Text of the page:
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The Oxford English Dictionary needs you! OED Appeals has launched major online initiative


The Oxford English DictionaryWonderful online resource giving 'a truly astounding picture of the English language as an extraordinary living phenomenon' (Robert McCrum); Over 500,000 words has announced the launch of OED Appeals, a major online initiative set to involve the public in tracing the history of English words. Using a dedicated community space on the OED website, editors are soliciting help in unearthing new information about the history and usage of English, including the earliest examples of particular words. The website will enable the public to post evidence in direct response to OED editors online, fostering a collective effort to record the English language and find the true roots of our vocabulary.

Appeals will be posted to the website on a frequent basis. Some of the entries the OED team is initially asking the public's help with include:

Can you provide evidence of 'bellini' before 1965? The famous cocktail of peach juice mixed with Prosecco or champagne is said to have been invented in Venice at Harry's Bar in the 1930s, and named (in Italian) in 1948 (in honour of the painter Giovanni Bellini, c1430-1516). Earlier evidence in English may be available in travelogues or guidebooks.

blue-arsed fly
Did anyone refer to this metaphorical fly before the Duke of Edinburgh was quoted saying it in 1970? Our first evidence for blue-arsed fly (with an 'r') comes from a quote attributed to Prince Philip in The Times (22 Apr. 1970): "The Duke of Edinburgh...asked a photographer if he was getting enough pictures... 'You have been running around like a blue-arsed fly." The r-less blue assed-fly, however, is attested from at least 1932. Can you find examples of blue-arsed fly in the intervening years?

come in from the cold
Did John le Carré coin the phrase? Meaning '(esp. of a spy) to return from isolation, concealment, or exile', it is famous from le Carré's 1963 novel The Spy who Came in from the Cold but was it ever used by actual intelligence officers?

Was a disco 'a type of short, sleeveless dress' before it was a nightclub? That's the surprising implication of evidence we've recently uncovered in a source dated July 1964. The earliest example of disco as a nightclub only appears a few months later. Publications about nightlife in the 1960s might be a good place to look for earlier evidence of disco in the nightclub sense. 

Do you have proof of the earliest FAQ? The term is currently attributed to Eugene N. Miya, a researcher at NASA, who is said to have coined it c1983 in documents circulated to Usenet groups on the history of the space programme. Our earliest verifiable evidence is from 1989 but we'd like to go back further to prove the coinage of the word.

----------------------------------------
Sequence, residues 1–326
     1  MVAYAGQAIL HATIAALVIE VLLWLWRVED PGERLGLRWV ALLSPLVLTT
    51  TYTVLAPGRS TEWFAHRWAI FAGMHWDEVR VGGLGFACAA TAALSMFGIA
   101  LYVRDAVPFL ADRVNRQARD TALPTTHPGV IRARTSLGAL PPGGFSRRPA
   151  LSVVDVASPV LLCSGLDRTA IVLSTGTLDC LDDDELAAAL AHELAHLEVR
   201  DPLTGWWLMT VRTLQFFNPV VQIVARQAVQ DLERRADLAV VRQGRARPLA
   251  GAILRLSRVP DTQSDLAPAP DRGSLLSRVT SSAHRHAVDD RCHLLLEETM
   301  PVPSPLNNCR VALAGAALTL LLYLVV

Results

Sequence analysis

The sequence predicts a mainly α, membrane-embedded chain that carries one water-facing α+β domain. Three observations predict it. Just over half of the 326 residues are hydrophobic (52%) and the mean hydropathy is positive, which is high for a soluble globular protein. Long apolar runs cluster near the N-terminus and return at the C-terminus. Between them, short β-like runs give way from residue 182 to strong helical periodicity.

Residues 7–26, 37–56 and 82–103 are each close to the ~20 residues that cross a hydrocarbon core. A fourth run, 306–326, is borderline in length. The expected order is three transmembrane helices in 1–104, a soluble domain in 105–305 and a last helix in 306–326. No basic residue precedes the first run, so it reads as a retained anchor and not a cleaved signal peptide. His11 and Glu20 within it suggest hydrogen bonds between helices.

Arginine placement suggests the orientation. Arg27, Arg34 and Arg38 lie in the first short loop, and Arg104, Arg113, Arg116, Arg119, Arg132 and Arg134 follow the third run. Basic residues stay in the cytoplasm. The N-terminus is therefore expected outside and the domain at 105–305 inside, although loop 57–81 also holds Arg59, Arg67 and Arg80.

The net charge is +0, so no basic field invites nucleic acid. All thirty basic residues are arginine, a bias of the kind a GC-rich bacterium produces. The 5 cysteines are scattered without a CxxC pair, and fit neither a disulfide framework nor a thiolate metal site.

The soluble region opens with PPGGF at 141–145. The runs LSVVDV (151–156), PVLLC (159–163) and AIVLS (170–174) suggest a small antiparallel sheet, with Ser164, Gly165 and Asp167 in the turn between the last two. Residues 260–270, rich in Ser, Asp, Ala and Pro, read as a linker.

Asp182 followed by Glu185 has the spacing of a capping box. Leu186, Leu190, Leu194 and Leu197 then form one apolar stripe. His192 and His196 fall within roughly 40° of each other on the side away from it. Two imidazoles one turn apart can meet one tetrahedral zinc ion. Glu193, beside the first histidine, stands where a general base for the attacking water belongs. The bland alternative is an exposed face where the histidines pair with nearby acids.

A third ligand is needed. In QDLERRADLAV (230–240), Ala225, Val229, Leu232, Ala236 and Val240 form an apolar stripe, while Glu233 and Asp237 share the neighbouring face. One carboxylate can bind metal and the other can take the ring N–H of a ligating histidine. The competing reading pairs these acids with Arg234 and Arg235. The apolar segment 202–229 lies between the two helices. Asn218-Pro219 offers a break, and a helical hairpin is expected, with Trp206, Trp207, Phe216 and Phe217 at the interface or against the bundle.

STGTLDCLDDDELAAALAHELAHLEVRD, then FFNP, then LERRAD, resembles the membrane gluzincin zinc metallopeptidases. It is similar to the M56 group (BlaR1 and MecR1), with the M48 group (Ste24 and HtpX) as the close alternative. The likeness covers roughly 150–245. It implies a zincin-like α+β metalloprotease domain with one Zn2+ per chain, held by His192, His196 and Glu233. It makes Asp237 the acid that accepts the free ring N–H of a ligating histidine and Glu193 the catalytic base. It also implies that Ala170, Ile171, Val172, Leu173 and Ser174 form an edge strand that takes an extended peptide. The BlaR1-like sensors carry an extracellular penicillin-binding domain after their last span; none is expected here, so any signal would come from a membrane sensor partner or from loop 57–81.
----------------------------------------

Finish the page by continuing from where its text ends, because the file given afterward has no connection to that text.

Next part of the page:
Other entries now open on the OED Appeals site at launch include in your dreams!, cooties, and Kwanzaa. The OED Appeals site will be updated regularly; other words scheduled for research in the coming weeks include baked Alaska, bimble, carbo-loading, easy-peasy, email, heads-up, and party animal. Followers of the OED on Twitter and Facebook will be alerted to new Appeals and can keep abreast of new word evidence as it comes to light.

The OED's expansive record of the history of English has relied on input from the public since its earliest days, from the original Appeal for contributions from 'a thousand readers' in 1859, to the popular BBC TV programme Balderdash & Piffle in 2005. The online OED Appeals brings the public into conversation with the dictionary's professional lexicographers more directly than ever before.

Chief Editor of the OED, John Simpson, explains how the OED Appeals initiative will help the team to revise the OED: "When researching and revising entries, our team of editors use the OED's famous citation files, gathered over more than a century, as well as the latest digitized databases and Corpus evidence. Nonetheless, the very first recorded usage of many words can be difficult to track down. We can trace certain words and phrases back only so far with conventional tools. An old takeaway menu, a family letter or album, or an obscure journal might hold the key to solving one of those mysteries." 

OED editor Katherine Connor Martin adds, "The OED's record of the history of English was relying on input from the public more than a century before the term 'crowdsourcing' was even coined. James Murray launched an Appeal to the public as far back as 1879, and the OED Appeals continues this long tradition of asking the public for help in our quest to record the origins of our vast, fantastic, ever-changing lexicon. After all, when it comes to the words we read, write, speak, and hear each day, every one of us is an expert."

OED Appeals